Property Biz Canada

Smaller deal potential draws Colliers to Atlantic Canada


A rising interest in real estate in Eastern Canada has spurred Colliers International to expand its office services in Halifax office. The new real estate management additional will provide a number of services, including property management, leasing, project management, valuation and taxation.

Halifax HarbourColliers currently provides property management services for more than 278,000 square feet of commercial space in Nova Scotia and New Brunswick. The realtor manages properties on behalf of its clients, True North REIT, Standard Life Investments and a private client.

The new office is currently staffed by one individual, but Colliers anticipates adding at least one other staff member in the next month.

Secondary markets in Atlantic Canada

According to John Duda, Colliers’ senior vice -president for Eastern Canada and national accounts, companies are beginning to look to Atlantic Canada secondary markets for deals.

“I think generally everyone is chasing yields,” Duda said. “Cap rates have compressed in the bigger markets, and the deal sizes in the bigger markets have increased, meaning people who are looking at smaller deal sizes are going into secondary markets more than they would have in the past.”

Halifax is certainly on the radar, Duda said, but so are smaller cities such as Fredericton and Moncton.

Earlier this year, Colliers announced it had secured the management agreement for three office buildings totaling 200,000 square feet in three locations in New Brunswick for True North REIT.

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Duda said investment in the resource industry is buoying optimism in Atlantic Canada. He pointed to the offshore drilling around Newfoundland & Labrador and also cited the deep sea port at Belledune, N.B.

In July, Property Biz Canada reported the Cape Breton Regional Municipality was pursuing the establishment of a container in Port of Sydney, yet another example of a promising venture in Nova Scotia.

In March, TransCanada Corp. took the first steps  toward obtaining regulatory approval for its proposed $12-billion, 4,600-kilometre Energy East oil pipeline. The company wants to convert an existing natural gas pipeline and build about 1,600 kilometres of new pipeline to transport crude oil from Alberta to the Irving Oil refinery in Saint John.

“I don’t think it’s like the boom towns of Calgary, Edmonton or Fort McMurray,” Duda said of the strength of the Atlantic economy. “I don’t think it’s on that scale, but it’s definitely on the positive side.”

Money chasing deals

Duda acknowledged Halifax is seeing plenty of development and noted such developments interest potential property owners, including his clients. “I think they still have money and that is a common theme with virtually all of our clients, that they have more money than they do product available.”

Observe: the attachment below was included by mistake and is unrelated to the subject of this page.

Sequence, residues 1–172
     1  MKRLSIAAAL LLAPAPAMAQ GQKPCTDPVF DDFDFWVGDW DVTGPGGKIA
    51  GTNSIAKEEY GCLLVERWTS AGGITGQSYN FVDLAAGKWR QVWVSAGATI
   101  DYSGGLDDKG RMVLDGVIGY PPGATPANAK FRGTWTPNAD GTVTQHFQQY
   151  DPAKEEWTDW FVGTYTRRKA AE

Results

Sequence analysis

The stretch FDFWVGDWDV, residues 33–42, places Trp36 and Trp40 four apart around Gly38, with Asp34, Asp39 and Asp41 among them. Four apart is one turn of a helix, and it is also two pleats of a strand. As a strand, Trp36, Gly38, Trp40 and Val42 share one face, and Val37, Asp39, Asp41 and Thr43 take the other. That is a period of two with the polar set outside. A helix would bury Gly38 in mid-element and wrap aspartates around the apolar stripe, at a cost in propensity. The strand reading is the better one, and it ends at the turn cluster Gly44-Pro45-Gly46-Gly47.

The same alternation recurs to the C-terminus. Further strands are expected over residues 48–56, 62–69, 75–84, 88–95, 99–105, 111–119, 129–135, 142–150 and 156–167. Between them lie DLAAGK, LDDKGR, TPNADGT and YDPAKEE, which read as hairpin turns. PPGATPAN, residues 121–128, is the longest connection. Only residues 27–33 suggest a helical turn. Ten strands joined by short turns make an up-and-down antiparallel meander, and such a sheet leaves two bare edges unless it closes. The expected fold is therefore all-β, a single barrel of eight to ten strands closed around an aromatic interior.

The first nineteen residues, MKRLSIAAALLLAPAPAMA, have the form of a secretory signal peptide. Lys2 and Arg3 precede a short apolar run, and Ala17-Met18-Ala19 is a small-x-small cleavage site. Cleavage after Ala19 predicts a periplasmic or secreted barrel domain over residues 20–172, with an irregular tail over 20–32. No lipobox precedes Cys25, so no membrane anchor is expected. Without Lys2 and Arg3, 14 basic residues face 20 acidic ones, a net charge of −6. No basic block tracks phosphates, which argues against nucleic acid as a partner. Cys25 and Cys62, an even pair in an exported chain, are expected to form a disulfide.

That said, Duda noted that whether a new development would meet their investment criteria is a tricky question. He recalled seeing a panel in April where all the lead investors for such large owners as Manulife and Oxford were at the table and no one could agree on investment criteria.

What they did ultimately agree on was that if they do a deal, it’s because they believe they will add value to it, Duda said. “That was key for every one of them. From my perspective, if I know what their intention is in terms of adding value and what path they’re going down and I can support that, it’s highly likely I will win the day in terms of getting that assignment.”

Adding value could mean anything from repositioning the asset, making upgrades to it, or sub-dividing the property and redeveloping a portion of it, according to Duda. “It could mean many different things and that’s what makes it complicated.”

Duda said his job is less about trying to attract other funds and investors and more about understanding what his clients want and helping them get there.

A seventeen-year veteran

Duda, who has been in the real estate industry for 17 years, previously worked at CBRE before joining Colliers about five years ago. Besides looking after Eastern Canada, Duda is responsible for the company’s national accounts. Those add up to about 46 million sq. ft., roughly evenly split between industrial, office, retail and multi-residential.

In the East, Duda said leasing has been strong and consistent.

“I haven’t heard or witnessed anything where there’s been a big uptake, but consistent. From an acquisition perspective, I think things have been steady.”

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Charles Mandel

About the Author ()

A multiple award-winning reporter, writer and editor for more than 25 years, Charles Mandel most recently worked as the National Observer's climate change reporter. He is a former Atlantic correspondent with Canwest News Service, and has written features and stories for Wired.com, Canadian Business, Canadian Geographic, Explore, Maclean’s, The Globe and Mail and the National Post. Twitter: @subthreerunning; LinkedIn: https://ca.linkedin.com/pub/charles-mandel/60/8a4/333/

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